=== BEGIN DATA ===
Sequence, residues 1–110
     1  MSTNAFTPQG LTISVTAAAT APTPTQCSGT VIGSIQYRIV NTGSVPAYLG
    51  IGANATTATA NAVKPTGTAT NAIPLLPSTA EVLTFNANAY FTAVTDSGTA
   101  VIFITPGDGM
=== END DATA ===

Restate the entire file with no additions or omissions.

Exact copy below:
Sequence, residues 1–110
     1  MSTNAFTPQG LTISVTAAAT APTPTQCSGT VIGSIQYRIV NTGSVPAYLG
    51  IGANATTATA NAVKPTGTAT NAIPLLPSTA EVLTFNANAY FTAVTDSGTA
   101  VIFITPGDGM